US 20070280182 A1
A wireless local area network (WLAN) includes a server and receiver in communication with the server as a network client. A plurality of radio frequency (RF) front-end circuits are each configured for receiving wireless signals from mobile nodes within the WLAN along an allocated channel specific for a front-end circuit. A plurality of baseband processors each specific to an allocated channel are connected to a respective front-end circuit for the allocated channel and capture a desired signal specific to the allocated channel. A system controller is connected to each baseband processor for configuring each baseband processor and processing the desired signal and obtaining message data and signal metrics for each allocated channel that are communicated to the server.
1. A wireless local area network (WLAN) comprising:
a receiver in communication with said server as a network client, and comprising,
a plurality of radio frequency (RF) front-end circuits each configured for receiving wireless signals from mobile nodes within the WLAN along an allocated channel and each specific for a front-end circuit;
a plurality of baseband processors each specific to an allocated channel and connected to a respective front end circuit for the allocated channel for capturing a desired signal specific to the allocated channel; and
a system controller connected to each baseband processor for configuring each baseband processor and processing the desired signal and obtaining message data and signal metrics for each allocated channel that are communicated to the server.
2. The WLAN according to
3. The WLAN according to
4. The WLAN according to
5. The WLAN according to
6. The WLAN according to
7. The WLAN according to
8. The WLAN according to
9. The WLAN according to
10. The WLAN according to
11. The WLAN according to
12. A receiver operative as a client in a wireless local area network (WLAN), comprising:
a plurality of radio frequency (RF) front-end circuits each configured for receiving wireless signals from mobile nodes within the WLAN along an allocated channel specific for a front-end circuit;
a plurality of baseband processors each specific to an allocated channel and connected to a respective front end circuit for the allocated channel for capturing a desired signal specific to the allocated channel; and
a system controller connected to each baseband processor for configuring each baseband processor and processing the desired signal and obtaining message data and signal metrics for each allocated channel that are communicated outbound from the receiver.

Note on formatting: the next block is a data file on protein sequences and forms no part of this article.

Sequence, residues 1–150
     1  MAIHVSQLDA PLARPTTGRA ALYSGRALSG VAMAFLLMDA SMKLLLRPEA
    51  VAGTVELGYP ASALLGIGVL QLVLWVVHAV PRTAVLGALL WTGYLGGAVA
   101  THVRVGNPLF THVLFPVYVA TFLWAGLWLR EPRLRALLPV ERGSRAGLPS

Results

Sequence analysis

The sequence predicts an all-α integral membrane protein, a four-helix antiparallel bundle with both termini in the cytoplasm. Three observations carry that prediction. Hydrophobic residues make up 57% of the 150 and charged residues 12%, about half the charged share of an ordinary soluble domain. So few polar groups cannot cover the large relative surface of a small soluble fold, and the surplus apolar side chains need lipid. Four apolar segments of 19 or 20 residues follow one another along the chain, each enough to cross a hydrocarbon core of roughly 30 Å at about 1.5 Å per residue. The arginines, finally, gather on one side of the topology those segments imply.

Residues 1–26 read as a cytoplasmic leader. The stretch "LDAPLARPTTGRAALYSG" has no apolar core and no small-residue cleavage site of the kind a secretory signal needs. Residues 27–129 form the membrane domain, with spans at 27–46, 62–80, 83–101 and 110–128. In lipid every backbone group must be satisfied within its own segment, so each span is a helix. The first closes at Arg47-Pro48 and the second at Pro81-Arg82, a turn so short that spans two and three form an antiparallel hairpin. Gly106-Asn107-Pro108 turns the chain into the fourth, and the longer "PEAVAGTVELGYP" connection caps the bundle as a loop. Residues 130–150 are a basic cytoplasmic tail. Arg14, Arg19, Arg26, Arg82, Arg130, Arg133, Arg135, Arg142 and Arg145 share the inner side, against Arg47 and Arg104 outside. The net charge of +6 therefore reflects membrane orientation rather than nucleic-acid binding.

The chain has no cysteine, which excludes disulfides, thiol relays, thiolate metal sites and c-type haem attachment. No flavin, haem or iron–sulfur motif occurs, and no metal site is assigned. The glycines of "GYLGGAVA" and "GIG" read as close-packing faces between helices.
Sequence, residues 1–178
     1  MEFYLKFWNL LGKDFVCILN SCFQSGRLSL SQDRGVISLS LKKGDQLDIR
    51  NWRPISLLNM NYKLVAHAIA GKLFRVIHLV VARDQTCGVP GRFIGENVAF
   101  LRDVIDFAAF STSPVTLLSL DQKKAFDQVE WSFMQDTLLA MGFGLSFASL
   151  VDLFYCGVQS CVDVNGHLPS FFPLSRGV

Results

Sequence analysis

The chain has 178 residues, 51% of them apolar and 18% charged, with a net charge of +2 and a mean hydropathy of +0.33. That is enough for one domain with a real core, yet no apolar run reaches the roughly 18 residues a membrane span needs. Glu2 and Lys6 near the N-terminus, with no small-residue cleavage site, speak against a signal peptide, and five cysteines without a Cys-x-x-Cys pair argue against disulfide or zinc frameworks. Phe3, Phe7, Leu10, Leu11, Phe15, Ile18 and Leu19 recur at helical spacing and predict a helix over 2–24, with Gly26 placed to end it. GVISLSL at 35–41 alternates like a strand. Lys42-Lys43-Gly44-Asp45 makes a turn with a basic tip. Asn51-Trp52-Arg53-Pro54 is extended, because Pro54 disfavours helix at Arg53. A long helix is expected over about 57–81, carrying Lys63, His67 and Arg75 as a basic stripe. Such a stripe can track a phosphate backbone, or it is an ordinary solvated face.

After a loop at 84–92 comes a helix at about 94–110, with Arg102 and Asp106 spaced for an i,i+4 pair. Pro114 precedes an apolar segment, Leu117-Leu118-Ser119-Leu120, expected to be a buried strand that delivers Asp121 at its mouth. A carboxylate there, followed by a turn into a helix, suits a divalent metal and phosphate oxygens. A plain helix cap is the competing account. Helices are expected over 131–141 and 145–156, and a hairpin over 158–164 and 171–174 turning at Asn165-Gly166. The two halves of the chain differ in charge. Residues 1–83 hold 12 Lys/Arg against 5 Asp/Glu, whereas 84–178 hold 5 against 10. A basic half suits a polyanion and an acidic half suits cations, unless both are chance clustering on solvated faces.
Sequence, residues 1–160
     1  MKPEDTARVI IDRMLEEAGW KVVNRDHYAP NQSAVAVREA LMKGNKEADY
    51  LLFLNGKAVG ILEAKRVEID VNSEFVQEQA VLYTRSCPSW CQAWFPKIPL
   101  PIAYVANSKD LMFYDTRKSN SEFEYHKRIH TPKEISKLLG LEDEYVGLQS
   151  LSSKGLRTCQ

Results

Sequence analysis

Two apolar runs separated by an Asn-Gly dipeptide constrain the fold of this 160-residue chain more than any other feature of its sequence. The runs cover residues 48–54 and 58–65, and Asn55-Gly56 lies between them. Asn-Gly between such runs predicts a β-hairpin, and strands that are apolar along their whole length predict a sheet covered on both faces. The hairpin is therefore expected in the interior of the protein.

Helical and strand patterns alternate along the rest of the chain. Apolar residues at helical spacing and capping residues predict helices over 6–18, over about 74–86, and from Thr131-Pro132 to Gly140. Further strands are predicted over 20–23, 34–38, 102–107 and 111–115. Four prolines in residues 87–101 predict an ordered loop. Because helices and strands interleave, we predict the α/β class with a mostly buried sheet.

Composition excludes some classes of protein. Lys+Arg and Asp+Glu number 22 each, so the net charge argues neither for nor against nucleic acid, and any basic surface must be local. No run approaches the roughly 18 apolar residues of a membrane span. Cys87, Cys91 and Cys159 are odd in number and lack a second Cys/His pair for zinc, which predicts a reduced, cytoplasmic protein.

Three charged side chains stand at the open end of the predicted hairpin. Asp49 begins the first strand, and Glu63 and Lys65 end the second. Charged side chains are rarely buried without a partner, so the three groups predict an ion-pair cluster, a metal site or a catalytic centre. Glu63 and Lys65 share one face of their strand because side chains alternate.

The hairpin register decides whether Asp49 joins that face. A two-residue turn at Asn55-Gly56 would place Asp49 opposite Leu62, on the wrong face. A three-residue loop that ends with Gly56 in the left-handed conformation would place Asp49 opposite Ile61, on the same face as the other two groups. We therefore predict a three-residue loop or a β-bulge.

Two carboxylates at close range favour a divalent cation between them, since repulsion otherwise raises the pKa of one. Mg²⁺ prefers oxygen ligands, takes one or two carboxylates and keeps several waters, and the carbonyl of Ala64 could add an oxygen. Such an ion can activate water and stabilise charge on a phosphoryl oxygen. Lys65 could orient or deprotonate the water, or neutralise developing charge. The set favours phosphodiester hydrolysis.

13. The receiver according to
14. The receiver according to
15. The receiver according to
16. The receiver according to
17. The receiver according to
18. The receiver according to
19. The receiver according to
20. The receiver according to
21. The receiver according to
22. The receiver according to
23. A method of communicating within a wireless local area network (WLAN), comprising:
receiving at a receiver wireless signals transmitted from mobile nodes within the WLAN along a plurality of allocated channels;
detecting baseband signals on each allocated channel within the receiver;
capturing a desired signal within each allocated channel;
processing the desired signal within each allocated channel to obtain message data and signal metrics for each allocated channel; and
transmitting the message data and signal metrics to a WLAN server.
24. The method according to
25. The method according to
26. The method according to
27. The method according to
28. The method according to
This application is based upon prior filed copending provisional application Ser. No. 60/745,656 filed Apr. 26, 2006.
This invention relates to the field of wireless local area networks (WLAN's), and more particularly, this invention relates to real-time location systems and WLAN's.
Commonly assigned and copending U.S. patent application Ser. No. 11/692,250 filed on Mar. 28, 2007, discusses how wireless local area networks (WLAN) and real-time location systems (RTLS) are becoming more commonplace as the use of portable computers, such as “laptop,” “notebook,” and “pen” computers become increasingly common in office environments and other locations. Examples of real-time location systems and the circuitry and algorithms used in such real-time location systems are described in commonly assigned U.S. Pat. Nos. 5,920,287; 5,995,046; 6,121,926; and 6,127,976, the disclosures which are hereby incorporated by reference in their entirety. Examples of real-time location systems that are operative with wireless local area networks are disclosed in commonly assigned U.S. Pat. Nos. 6,892,054; 6,987,744; 7,046,657; and 7,190,271, the disclosures which are hereby incorporated by reference in their entirety.
It is desirable in some WLAN systems if a real-time location system can incorporate a receiver that connects to a network as a client, which is simple, and incorporates existing information technology (IT) communications systems, and could be used in conjunction with an access point or alone, and provide some ability to locate access points and communicate to a server.